Mexican president condemned the shooter's "abominable" crimes, but wants him extradited, not executed.
"We don't want this to happen again, we don't want these hate crimes."
Readers of the Jerusalem Post have their say.
Beyond the 34 people who died and at least 65 who were wounded, the shootings likely had a psychological impact on young people of the three cities that endured the attacks.
Jewish security officials say it may not be enough in dealing with white supremacists, and hearken back to what happened after 9/11.
"This is a very sensitive time in their lives. Some of them said they didn't want to meet with the president, some of them didn't want any visitors," a hospital spokesperson told the Washington Post.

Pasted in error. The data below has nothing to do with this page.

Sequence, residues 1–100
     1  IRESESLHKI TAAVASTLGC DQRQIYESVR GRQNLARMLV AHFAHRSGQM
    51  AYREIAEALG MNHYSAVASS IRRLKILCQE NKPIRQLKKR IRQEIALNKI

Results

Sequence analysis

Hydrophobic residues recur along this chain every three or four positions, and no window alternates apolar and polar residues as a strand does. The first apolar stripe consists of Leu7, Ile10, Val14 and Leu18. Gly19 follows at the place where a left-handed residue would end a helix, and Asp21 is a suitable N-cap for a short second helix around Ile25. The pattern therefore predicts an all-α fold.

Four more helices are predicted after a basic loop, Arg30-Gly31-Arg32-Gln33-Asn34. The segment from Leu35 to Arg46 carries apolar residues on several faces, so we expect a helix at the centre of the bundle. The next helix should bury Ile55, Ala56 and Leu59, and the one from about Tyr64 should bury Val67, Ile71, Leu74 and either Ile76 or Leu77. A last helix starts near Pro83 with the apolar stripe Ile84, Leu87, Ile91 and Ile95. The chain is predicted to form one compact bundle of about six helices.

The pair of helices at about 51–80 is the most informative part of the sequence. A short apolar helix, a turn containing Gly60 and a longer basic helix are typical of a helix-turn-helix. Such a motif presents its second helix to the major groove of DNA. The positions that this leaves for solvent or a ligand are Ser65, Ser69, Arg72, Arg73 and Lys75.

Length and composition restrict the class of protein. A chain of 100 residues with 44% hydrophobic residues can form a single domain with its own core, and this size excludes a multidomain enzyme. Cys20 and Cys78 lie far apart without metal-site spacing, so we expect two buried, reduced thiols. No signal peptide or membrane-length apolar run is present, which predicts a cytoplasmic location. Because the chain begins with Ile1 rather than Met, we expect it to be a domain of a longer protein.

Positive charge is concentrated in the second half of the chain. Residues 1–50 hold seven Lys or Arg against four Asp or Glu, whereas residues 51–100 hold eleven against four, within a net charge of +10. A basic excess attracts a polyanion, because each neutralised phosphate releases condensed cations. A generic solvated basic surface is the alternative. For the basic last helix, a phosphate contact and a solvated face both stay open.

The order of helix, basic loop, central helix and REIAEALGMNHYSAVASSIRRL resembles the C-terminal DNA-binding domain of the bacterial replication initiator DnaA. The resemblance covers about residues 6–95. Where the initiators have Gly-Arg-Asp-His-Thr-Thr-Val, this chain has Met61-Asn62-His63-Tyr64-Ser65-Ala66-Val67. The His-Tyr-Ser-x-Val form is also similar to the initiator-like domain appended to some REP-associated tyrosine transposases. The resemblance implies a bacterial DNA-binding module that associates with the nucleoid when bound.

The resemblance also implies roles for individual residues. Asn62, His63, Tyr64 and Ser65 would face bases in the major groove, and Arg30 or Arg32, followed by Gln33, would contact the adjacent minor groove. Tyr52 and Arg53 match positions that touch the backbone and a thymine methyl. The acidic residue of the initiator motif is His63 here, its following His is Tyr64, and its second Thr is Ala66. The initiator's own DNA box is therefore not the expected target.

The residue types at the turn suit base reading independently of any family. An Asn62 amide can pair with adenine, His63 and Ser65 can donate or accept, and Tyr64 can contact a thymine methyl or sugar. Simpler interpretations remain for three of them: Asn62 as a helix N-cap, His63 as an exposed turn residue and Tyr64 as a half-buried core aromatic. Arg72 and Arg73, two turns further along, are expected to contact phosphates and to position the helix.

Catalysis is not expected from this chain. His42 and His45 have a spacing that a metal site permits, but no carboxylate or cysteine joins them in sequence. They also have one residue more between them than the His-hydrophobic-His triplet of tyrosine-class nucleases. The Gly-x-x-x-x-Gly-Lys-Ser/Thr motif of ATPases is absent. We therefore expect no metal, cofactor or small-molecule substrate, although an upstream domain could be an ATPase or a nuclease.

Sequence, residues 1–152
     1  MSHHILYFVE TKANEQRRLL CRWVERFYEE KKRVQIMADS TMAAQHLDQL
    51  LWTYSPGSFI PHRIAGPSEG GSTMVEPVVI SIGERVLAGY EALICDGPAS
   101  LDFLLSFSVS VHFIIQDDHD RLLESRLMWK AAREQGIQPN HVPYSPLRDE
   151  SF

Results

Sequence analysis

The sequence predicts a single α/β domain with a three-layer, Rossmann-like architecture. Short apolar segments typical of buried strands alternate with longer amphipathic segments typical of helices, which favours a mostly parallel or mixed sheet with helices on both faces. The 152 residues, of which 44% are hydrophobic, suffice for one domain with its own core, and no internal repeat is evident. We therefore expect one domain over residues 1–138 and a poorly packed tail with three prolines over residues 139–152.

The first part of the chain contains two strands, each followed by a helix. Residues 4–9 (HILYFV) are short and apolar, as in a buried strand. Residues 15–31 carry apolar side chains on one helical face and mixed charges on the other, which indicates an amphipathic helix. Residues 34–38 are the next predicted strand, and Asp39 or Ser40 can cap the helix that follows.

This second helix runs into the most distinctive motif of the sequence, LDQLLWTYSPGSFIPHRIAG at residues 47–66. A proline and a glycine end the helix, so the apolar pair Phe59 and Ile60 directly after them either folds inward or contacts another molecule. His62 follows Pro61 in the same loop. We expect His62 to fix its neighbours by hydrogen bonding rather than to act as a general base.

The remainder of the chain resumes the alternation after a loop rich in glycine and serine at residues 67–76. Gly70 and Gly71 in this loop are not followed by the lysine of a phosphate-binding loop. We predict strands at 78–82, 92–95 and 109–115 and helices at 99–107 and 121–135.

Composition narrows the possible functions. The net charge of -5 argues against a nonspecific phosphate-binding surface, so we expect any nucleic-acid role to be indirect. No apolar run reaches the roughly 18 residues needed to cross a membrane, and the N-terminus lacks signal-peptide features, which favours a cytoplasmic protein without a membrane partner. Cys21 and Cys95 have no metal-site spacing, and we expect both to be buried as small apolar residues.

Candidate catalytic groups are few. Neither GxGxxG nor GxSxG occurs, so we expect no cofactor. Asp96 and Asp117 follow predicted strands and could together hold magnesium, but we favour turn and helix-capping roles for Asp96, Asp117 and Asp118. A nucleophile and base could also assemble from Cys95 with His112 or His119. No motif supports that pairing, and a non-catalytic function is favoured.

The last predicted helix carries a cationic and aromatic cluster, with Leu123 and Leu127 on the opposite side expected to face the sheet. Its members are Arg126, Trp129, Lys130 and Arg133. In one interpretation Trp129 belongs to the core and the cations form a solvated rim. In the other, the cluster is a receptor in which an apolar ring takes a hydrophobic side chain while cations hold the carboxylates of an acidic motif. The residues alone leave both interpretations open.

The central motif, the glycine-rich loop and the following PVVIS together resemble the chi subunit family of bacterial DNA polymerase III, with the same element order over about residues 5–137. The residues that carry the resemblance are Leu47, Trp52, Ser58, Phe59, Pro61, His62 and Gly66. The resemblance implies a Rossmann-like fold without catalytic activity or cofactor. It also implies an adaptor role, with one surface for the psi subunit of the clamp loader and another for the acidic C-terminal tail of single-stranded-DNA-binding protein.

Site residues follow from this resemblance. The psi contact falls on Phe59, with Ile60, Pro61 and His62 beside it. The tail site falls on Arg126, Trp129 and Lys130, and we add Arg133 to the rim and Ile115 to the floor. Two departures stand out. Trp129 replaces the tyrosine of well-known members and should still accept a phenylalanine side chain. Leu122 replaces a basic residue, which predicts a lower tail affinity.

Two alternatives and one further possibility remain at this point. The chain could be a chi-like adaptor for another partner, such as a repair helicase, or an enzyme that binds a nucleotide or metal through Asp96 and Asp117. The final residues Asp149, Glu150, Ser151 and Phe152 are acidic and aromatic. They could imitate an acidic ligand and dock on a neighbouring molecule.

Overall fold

Weeks before the shooting, the woman called the police to express her concerns over her son owning an AK type weapon while lacking safety training and emotional maturity, CNN reported.
Although the Democratic presidential candidate has called Trump racist and a white nationalist in the past, he has stressed the point even more since the mass shooting in El Paso.
“I had to go to Target the following day, and for the first time ever I kind of looked around,” he told the Jewish Telegraphic Agency in a phone interview Wednesday.
“These barbaric slaughters are an assault upon our communities, an attack upon our nation, and a crime against all of humanity,” the president said.